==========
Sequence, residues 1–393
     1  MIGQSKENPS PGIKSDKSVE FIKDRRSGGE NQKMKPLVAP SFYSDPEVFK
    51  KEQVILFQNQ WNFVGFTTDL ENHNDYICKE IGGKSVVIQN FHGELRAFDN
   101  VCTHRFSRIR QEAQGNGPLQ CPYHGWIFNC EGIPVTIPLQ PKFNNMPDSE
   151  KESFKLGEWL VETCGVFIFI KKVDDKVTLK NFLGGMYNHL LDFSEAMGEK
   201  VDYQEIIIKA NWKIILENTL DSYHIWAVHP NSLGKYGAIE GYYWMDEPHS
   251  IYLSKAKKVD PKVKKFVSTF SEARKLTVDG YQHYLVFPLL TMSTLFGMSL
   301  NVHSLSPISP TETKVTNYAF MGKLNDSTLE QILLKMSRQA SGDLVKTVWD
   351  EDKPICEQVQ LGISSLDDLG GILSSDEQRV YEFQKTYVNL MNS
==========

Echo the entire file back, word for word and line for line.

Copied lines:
Sequence, residues 1–393
     1  MIGQSKENPS PGIKSDKSVE FIKDRRSGGE NQKMKPLVAP SFYSDPEVFK
    51  KEQVILFQNQ WNFVGFTTDL ENHNDYICKE IGGKSVVIQN FHGELRAFDN
   101  VCTHRFSRIR QEAQGNGPLQ CPYHGWIFNC EGIPVTIPLQ PKFNNMPDSE
   151  KESFKLGEWL VETCGVFIFI KKVDDKVTLK NFLGGMYNHL LDFSEAMGEK
   201  VDYQEIIIKA NWKIILENTL DSYHIWAVHP NSLGKYGAIE GYYWMDEPHS
   251  IYLSKAKKVD PKVKKFVSTF SEARKLTVDG YQHYLVFPLL TMSTLFGMSL
   301  NVHSLSPISP TETKVTNYAF MGKLNDSTLE QILLKMSRQA SGDLVKTVWD
   351  EDKPICEQVQ LGISSLDDLG GILSSDEQRV YEFQKTYVNL MNS